Ruairi Brogan, Policy Officer - Sustainable Agriculture with RSPB NI talks us through an exciting project underway with dairy farmers in Northern Ireland. 

The RSPB Northern Ireland policy team have partnered with the Dairy Council for Northern Ireland and its member organisations Dale Farm, Lakeland Dairies and Glanbia Cheese to explore how dairy farms can play an active role in tackling the declines in farmland biodiversity. The project sought to identify the key actions dairy farmers can take to manage their land better for nature, and to explore how we can scale up the good that is being done for nature on farms. This is the first time that the RSPB has worked with the dairy sector in Northern Ireland in a formal partnership and the results have been encouraging.

Dairy cattle grazing on a hedgerow. Photo Credit: Gethin Davies

Dr Jonathan Bell, Head of Land and Sea Policy at RSPB Northern Ireland reflects on the project, “This work has been so well-received by the dairy industry and farmers alike, who want to take genuine steps towards managing their farms more sustainably. We have helped illustrate the art of the possible for nature, even on our most intensively farmed land, and identified a set of practical actions all dairy farms can take to help turn the tide on nature’s decline.”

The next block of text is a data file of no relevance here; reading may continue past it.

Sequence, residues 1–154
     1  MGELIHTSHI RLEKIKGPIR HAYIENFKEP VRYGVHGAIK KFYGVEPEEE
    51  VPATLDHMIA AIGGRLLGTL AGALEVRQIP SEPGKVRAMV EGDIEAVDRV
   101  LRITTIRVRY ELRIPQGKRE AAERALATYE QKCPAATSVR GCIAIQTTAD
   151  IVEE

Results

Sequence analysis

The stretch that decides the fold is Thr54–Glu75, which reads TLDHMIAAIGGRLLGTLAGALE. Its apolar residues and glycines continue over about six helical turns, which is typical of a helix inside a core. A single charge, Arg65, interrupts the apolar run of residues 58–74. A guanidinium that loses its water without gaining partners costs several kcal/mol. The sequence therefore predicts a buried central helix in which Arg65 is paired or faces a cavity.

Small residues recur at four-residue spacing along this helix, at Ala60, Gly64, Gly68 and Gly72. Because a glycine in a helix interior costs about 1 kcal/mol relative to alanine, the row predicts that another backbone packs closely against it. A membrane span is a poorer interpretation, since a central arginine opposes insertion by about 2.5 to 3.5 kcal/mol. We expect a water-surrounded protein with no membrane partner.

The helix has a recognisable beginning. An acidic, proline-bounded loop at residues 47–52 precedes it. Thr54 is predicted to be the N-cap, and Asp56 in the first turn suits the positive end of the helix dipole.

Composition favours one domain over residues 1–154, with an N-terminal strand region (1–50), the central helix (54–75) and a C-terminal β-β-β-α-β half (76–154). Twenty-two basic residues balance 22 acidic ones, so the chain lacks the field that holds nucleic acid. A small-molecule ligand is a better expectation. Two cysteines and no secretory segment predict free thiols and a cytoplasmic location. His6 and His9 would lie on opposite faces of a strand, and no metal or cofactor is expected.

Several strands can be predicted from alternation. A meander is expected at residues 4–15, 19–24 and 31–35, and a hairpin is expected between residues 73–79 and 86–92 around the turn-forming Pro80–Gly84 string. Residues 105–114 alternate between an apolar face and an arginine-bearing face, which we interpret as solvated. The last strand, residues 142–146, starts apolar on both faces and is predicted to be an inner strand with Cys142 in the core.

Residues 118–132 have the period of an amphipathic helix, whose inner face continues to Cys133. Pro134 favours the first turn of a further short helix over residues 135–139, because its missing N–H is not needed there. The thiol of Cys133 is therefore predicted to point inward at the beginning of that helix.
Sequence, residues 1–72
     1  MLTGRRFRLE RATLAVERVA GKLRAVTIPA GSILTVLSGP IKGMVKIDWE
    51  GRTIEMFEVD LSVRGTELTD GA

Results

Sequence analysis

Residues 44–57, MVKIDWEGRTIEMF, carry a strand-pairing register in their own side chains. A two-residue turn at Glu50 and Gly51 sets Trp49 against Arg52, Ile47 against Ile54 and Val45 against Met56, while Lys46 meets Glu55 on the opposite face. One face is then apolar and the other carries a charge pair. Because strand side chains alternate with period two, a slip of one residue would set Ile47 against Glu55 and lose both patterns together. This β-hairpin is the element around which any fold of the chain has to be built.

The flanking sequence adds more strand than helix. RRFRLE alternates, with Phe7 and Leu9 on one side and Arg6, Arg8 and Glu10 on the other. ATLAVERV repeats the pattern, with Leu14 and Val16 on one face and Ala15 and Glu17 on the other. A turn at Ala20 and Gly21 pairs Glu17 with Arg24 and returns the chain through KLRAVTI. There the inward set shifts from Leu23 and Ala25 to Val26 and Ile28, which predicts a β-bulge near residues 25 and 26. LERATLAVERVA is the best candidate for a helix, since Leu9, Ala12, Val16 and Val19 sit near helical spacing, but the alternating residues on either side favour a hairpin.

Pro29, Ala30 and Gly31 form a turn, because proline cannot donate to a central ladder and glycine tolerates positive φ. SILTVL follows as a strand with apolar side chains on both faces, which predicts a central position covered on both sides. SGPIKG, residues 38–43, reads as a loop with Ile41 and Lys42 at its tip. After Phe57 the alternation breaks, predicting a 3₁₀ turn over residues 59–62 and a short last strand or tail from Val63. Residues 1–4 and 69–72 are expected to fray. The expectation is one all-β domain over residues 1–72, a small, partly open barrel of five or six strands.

Having found success in Wales with the Pasture for Pollinators Project, we believed there was appetite for change closer to home. Based on the Farm Wildlife principles that a minimum of 10% of land would need to be well managed for nature to halt biodiversity decline on farmland, we took our ideas to the industry and received feedback from farmer workshops. This allowed us to develop a menu of options that farmers can choose to implement, ranging from improving slurry management and expanding hedgerows, to sowing clover and mixed species grasses, incorporating wet features and growing more grains.

This is no easy task for a dairy farmer, where every blade of grass matters, but by ground-truthing these interventions through surveys of 5 typical Northern Irish dairy farms, we have demonstrated what is possible. With the right policy tools and support, we believe the industry can make space for nature and become leaders in Nature Positive practices.

The report will be launched at the Dairy Council for Northern Ireland’s annual Dairy Symposium in Late September. You can keep up to date with this work on our NI homepage Farming in Northern Ireland.

Bumblebee on Clover. Photo Credit: Colin Campbell